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Liverpool School of Tropical Medicine: Master of Public Health (Humanitarian Health)
|Institution||Liverpool School of Tropical Medicine View institution profile|
|Department||International Health Group|
|Telephone||0151 702 9590|
Programme Overview This programme prepares students for leadership and equips them to assume an active role in and responsibilities for improving population health in a range of settings. It covers a wide breadth of contemporary issues in international public health and explores approaches to reducing health inequities by enhancing policy and practice based upon sound, evidence-based principles. The programme gives graduates key transferable knowledge and skills in epidemiology, research methods and social science.
The Humanitarian Health stream has a specialist focus on humanitarian assistance, examining current policies and practice in the field and exploring public health approaches to responding to the challenges of contemporary humanitarian problems. The Humanitarian Health stream will allow students interested in Public Health to further specialise and develop skills essential for humanitarian health leaders. The stream focuses on the particular challenges, constraints and requirements of working in the humanitarian sector, and allows students to explore themes relevant to this field such as working in conflict or unsafe situations, working with refugees and displaced population and understanding the increasing interaction between humanitarian crises and climate change.
Following the taught component, students on this stream complete a research dissertation project on a topic relevant to humanitarian health either overseas or locally, and could be desk based or field work. The programme is underpinned by LSTM’s mission to reduce the burden of sickness and mortality in disease endemic countries through the delivery of effective interventions which improve human health and are relevant to the poorest communities. The programme has been developed around a series of Public Health competencies.
Programme Structure The MPH - Humanitarian Health programme is modular in structure with each taught module worth 20 credits and the dissertation project 60 credits. Each module (20 credits) represents 200 hours of student learning including assessments and self-directed study.
The MPH - Humanitarian Health is offered within a dynamic research-led environment and its content is informed by the cutting-edge research activities of the academic staff. It is designed to enable the professional development of the student, to be relevant to students from both the UK and overseas and to promote approaches to study that will enable graduates to continue their learning into the future.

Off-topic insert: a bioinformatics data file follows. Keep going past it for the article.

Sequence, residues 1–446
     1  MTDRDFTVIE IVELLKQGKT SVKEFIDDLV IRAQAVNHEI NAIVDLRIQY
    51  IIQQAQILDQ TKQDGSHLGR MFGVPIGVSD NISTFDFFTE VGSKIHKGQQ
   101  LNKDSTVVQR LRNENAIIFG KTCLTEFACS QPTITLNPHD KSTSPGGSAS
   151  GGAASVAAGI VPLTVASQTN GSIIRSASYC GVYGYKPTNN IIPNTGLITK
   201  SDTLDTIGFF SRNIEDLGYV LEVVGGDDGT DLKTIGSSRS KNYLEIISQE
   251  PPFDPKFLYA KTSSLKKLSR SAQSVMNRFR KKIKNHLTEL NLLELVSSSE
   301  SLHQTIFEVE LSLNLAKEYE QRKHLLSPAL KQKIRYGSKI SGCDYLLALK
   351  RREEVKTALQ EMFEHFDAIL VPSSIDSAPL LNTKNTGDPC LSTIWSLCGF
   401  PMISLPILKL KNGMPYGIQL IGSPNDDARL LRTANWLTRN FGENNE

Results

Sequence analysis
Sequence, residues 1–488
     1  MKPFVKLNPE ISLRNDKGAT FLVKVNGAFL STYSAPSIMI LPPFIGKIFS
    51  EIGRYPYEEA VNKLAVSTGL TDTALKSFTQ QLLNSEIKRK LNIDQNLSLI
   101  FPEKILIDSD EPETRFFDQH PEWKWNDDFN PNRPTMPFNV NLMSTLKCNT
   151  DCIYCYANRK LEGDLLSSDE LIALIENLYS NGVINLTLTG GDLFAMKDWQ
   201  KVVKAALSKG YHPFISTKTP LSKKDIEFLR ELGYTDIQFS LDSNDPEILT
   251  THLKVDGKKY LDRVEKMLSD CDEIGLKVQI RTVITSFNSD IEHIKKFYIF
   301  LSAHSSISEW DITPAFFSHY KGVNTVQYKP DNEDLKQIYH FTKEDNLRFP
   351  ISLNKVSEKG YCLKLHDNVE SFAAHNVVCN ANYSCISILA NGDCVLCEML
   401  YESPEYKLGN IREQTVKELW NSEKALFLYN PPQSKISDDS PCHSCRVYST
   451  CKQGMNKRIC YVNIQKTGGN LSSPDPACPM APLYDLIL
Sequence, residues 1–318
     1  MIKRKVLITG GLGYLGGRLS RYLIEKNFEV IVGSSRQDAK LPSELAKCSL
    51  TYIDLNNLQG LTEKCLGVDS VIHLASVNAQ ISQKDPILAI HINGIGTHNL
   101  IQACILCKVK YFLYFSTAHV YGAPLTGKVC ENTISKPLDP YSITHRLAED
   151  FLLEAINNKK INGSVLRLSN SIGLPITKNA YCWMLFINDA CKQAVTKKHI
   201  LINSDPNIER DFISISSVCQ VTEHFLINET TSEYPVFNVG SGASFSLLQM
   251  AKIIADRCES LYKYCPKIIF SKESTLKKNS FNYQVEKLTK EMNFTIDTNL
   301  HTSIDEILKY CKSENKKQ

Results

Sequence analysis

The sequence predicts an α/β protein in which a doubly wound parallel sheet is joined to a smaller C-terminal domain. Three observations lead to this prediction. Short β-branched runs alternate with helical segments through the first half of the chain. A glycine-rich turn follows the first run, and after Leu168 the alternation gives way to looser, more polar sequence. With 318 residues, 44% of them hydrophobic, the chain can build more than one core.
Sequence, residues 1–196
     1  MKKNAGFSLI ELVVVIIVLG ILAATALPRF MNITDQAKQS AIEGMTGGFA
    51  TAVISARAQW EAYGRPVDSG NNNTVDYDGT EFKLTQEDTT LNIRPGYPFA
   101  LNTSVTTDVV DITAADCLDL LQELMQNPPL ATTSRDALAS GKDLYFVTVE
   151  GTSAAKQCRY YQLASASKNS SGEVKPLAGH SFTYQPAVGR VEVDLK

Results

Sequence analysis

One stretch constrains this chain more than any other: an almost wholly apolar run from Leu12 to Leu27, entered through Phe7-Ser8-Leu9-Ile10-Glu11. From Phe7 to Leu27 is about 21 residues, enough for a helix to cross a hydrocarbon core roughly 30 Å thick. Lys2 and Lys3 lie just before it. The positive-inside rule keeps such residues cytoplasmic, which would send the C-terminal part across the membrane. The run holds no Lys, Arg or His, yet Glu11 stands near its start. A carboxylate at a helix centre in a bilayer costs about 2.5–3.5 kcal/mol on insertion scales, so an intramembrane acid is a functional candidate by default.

Students can carry out a fieldwork-based dissertation project overseas, in a local setting or can conduct a literature-based project that does not involve travelling abroad. All types of project have the key aims of developing the students’ skills in formulating a research question, designing and implementing a research project and critically interpreting and presenting the findings. The timing of modules across the academic year recognises the financial and time constraints faced by LSTM students, many of whom are from outside UK.
|Level||RQF Level 7|
Open to health professionals and graduates in health or related disciplines. In addition, candidates with qualifications such as law, psychology, education, social work/care, finance, business management, engineering, philosophy, anthropology, sociology, history, architecture and politics/international relations are welcome, particularly if they have relevant health related experience. Non-graduates with considerable work experience in the health sector of low or middle-income countries and evidence of continued academic development through appropriate in-service training will also be considered. Medical students who have completed at least three years of study and wish to intercalate are also accepted onto the programme.
Work experience: Candidates generally require professional or voluntary experience in health or a related area in a low or middle income country. Candidates without this experience are eligible, provided they can demonstrate an understanding and engagement in international public health issues, or evidence of appropriate training. A protocol for assessing this has been developed and approved by the admissions team and senior management.
|Location||Liverpool School of Tropical Medicine|
Liverpool School of Tropical Medicine
Liverpool School of Tropical Medicine
Liverpool School Of Tropical Medicine (LSTM) was founded on the 12th November 1898 by Sir Alfred Lewis Jones, an influential shipping magnate. At this time Liverpool was a prominent port city and enjoyed extensive trade with overseas regions such as West and Southern Africa. This led to a high number of patients in the region being admitted to hospital with ‘tropical’ diseases, and so Sir Alfred Jones donated £350 to set up a School of Tropical Medicine to investigate these outbreaks. 115 years later LSTM was awarded higher education institution status in 2013.
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